January 5th, 2012
11:42 AM ET

Critics say proposed Tenn. bill could enable harassment in schools

A proposed bill that will be debated in Tennessee would create a loophole in state schools' anti-discrimination laws that could protect students who engage in harassment if it falls under their religious or political beliefs, opponents of the bill told CNN.

Currently schools in the state are being required to adopt policies that prohibit harassment and bullying.

Supporters of the bill say their goal is to make sure whatever policies are implemented will keep in mind a student’s freedom of expression and protect the student from being punished merely for expressing their views so long as they aren’t threatening harm or damaging property.

“This bill clarifies that the policy may not be construed or interpreted to infringe upon the First Amendment rights of students and may not prohibit their expression of religious, philosophical, or political views as long as such expression does not include a threat of physical harm to a student or of damage to a student's property,” the bill states.

Read the proposed bill (PDF)

But opponents say it will create an dangerous exemption that allows those who condemn homosexuality to openly harass gay students strictly because of their religious views without  punishment - so long as they don't actually harm them.

The bill, which was introduced in 2011 in the House and Senate, has gained attention after the conservative Family Action Council of Tennessee (FACT) announced it would be one of their highest priorities for the year. The sponsors of the bills did not return calls for comment about where discussion on the bill stood.

The group's December newsletter says it hopes "to make sure [the law] protects the religious liberty and free speech rights of students who want to express their views on homosexuality,” according to the Chattanooga Times Free Press.

Because of the specific protection requested for religious and political views, activists for the LGBT communities fear the law may be sending the wrong message to students that it would be OK to harass each other under the cloak of religious or political views.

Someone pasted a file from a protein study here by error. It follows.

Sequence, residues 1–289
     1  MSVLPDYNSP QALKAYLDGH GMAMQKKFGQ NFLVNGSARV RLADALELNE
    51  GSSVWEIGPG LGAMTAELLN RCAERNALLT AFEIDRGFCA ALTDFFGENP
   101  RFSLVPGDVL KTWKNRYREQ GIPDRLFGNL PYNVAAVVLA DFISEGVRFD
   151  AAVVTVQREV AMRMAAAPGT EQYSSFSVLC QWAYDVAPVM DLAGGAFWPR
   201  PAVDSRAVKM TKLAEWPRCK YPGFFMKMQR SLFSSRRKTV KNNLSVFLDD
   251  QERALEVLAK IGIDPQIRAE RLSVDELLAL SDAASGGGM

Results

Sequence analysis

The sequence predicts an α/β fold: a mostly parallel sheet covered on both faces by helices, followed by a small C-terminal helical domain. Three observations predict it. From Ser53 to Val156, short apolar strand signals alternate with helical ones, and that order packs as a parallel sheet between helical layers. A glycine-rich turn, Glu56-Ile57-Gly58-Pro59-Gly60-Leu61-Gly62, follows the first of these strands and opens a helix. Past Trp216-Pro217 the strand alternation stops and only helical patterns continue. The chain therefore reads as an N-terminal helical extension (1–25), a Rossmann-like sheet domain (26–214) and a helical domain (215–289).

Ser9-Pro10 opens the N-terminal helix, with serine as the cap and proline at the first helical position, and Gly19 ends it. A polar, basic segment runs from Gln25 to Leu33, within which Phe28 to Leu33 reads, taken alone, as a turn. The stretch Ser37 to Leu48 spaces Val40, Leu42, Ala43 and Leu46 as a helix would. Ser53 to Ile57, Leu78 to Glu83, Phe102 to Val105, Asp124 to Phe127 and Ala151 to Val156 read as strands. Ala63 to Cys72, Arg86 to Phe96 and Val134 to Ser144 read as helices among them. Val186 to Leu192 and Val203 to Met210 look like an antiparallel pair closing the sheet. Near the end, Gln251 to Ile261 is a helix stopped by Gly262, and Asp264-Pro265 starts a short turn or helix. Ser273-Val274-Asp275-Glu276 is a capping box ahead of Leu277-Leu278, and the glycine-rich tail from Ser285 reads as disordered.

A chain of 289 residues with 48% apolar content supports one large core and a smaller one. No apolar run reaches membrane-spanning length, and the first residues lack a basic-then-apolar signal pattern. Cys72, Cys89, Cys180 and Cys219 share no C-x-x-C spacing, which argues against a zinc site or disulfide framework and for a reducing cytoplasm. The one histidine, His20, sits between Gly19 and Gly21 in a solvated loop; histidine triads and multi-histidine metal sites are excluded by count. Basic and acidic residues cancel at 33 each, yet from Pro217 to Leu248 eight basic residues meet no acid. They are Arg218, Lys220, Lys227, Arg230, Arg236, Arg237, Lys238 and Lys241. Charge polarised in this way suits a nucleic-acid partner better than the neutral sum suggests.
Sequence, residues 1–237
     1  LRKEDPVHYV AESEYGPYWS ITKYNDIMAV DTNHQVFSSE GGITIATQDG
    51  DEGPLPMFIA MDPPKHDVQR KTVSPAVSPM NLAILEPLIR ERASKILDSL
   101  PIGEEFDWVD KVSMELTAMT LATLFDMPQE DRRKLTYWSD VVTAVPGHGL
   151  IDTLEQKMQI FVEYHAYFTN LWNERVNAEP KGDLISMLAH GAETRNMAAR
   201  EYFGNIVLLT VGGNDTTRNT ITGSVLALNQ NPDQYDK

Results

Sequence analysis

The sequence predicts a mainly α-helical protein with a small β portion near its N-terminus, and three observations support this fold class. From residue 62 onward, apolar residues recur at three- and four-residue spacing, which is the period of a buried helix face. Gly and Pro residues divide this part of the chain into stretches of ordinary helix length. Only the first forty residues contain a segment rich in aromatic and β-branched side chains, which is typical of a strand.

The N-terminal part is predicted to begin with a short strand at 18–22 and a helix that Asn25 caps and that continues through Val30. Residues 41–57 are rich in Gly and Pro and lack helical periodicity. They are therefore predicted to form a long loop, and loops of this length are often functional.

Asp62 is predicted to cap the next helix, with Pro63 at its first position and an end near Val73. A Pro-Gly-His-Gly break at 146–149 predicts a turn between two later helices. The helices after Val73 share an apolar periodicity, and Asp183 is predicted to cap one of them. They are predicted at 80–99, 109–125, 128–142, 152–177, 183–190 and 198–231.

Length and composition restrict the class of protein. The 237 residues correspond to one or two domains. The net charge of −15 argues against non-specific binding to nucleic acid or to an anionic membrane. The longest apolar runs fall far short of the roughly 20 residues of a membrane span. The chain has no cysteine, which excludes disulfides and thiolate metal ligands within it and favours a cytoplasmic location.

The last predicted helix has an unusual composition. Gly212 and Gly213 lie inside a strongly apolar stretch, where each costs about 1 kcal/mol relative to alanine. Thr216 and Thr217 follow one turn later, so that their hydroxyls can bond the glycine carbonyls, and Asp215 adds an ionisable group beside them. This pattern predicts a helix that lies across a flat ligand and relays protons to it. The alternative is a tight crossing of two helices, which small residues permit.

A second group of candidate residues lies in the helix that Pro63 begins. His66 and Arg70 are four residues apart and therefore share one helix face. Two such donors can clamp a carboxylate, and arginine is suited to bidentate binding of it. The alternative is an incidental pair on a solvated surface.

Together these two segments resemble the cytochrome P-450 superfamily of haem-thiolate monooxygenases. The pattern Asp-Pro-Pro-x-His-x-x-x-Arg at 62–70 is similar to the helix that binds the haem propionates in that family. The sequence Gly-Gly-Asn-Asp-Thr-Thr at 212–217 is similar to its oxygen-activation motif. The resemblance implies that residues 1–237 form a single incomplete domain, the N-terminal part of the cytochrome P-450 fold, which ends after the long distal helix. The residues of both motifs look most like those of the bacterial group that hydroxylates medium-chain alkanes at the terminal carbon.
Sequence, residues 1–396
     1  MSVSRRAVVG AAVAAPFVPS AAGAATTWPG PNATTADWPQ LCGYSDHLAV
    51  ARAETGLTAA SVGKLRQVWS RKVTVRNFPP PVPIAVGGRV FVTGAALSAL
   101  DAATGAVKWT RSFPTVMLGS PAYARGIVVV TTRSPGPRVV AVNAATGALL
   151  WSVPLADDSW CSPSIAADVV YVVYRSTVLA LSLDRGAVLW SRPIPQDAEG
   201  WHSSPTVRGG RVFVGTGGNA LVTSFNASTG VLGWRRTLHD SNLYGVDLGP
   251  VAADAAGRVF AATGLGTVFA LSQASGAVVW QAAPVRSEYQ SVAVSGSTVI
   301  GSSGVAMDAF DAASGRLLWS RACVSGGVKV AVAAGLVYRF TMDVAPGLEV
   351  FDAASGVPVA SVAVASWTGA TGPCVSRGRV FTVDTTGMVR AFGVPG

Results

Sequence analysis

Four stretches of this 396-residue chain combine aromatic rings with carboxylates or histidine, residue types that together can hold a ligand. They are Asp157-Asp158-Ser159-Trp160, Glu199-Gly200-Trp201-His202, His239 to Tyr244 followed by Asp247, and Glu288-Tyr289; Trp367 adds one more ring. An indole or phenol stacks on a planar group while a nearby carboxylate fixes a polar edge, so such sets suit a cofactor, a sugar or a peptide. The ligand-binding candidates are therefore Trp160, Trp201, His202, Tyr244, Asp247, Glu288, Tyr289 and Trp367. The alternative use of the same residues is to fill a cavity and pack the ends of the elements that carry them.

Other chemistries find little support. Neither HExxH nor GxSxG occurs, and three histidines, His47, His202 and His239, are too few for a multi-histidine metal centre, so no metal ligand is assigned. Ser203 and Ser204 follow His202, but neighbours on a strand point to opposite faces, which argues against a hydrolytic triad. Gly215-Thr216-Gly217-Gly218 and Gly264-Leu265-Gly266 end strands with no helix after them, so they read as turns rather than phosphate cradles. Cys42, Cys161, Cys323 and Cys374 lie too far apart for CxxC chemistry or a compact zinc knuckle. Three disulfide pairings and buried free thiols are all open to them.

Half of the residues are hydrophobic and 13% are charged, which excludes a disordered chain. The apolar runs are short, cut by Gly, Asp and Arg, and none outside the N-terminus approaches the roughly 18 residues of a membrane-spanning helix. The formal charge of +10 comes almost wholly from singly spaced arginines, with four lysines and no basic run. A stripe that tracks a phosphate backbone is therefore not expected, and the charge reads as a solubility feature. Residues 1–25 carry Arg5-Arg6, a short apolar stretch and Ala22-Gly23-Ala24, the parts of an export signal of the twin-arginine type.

Chris Sanders, chairman of the Nashville committee of the Tennessee Equality Project, told CNN he has major concerns about what kind of climate the bill would create in areas that don’t have support for those being harassed - regardless of whether it is over their sexual orientation. But he said increasingly, much of the harassing of minorities right now did concern homosexuality.

Sanders, for example, pointed to a scenario where a seventh-grade boy, who was perceived as gay, would encounter another child who quoted the Bible and told him that if he were with another man he should not be permitted to live.

“If you were that middle school student, what would you think was going to happen to you?” he said. “It’s not so much that I think another seventh-grader would pick up a stone and throw it at another child or hit him with it, but it’s about the terror in the child who is, or is perceived to be, gay who has to live with that constantly.”

Sanders said he hopes that legislators choose to enact a full anti-discrimination policy, but believes because they won’t do that, the only way to curb his concerns are for the bill to be pulled entirely.

He hopes instead of legislators pushing for this protection, the focus should instead be put on community efforts to increase discussions and understanding of different lifestyles.

He noted the death of Jacob Rogers, in Ashland City, Tennessee, who committed suicide after he was said to have experienced years of anti-gay harassment at school. Sanders said the community there has made great strides to try to change the attitudes in schools to prevent incidents like this occurring again, but this bill would be a step backward in that effort.

“A lot of us in Nashville and other cities of Tennessee regularly face the embarrassment that our state leaders are taking the state in the wrong direction while many of our local communities are trying to go in the right direction,” Sanders said.

FACT, and its founder David Fowler, say the bill is about protecting the rights of students.

"[It] is wrong to bully people because of their sexual practices. But it's wrong to bully people period,” the group said according to the Chattanooga Times Free Press. “The larger lesson here is that these tragedies are often the rotten fruit of the all-about-me individualistic culture that comes when we deny the existence of God and his image in us. When life and people become cheap, tragedy becomes the result."

Fowler,who did not return CNN's calls requesting a comment, was quoted by the Times Free Press as saying he agreed with Sanders that sexual orientation isn't the only issue.

[“Homosexuals are] “not the only people who get insulted,” Fowler was quoted as saying. “The thing we need to concentrate on is not whether the characteristics of the victim justify being protected, but on the conduct of the person engaging in the bullying, while respecting constitutional rights."

But Jonathan Cole, the president of the Tennessee Equality Project, wrote on his group’s website that the decision to grant specific protections in school policies for religious and political beliefs represented a “dangerous movement” that would make students less safe in the schools.